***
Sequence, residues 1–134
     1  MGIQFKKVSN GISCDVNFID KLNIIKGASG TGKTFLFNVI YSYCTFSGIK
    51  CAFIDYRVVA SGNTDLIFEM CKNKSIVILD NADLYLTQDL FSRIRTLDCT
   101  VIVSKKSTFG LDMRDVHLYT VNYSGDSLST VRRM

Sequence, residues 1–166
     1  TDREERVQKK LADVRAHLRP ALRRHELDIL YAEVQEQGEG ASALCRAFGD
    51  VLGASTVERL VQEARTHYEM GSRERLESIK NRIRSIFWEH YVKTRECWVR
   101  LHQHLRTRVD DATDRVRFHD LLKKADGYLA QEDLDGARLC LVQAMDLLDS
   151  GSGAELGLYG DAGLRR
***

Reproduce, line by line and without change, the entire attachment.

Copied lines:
Sequence, residues 1–134
     1  MGIQFKKVSN GISCDVNFID KLNIIKGASG TGKTFLFNVI YSYCTFSGIK
    51  CAFIDYRVVA SGNTDLIFEM CKNKSIVILD NADLYLTQDL FSRIRTLDCT
   101  VIVSKKSTFG LDMRDVHLYT VNYSGDSLST VRRM

Sequence, residues 1–166
     1  TDREERVQKK LADVRAHLRP ALRRHELDIL YAEVQEQGEG ASALCRAFGD
    51  VLGASTVERL VQEARTHYEM GSRERLESIK NRIRSIFWEH YVKTRECWVR
   101  LHQHLRTRVD DATDRVRFHD LLKKADGYLA QEDLDGARLC LVQAMDLLDS
   151  GSGAELGLYG DAGLRR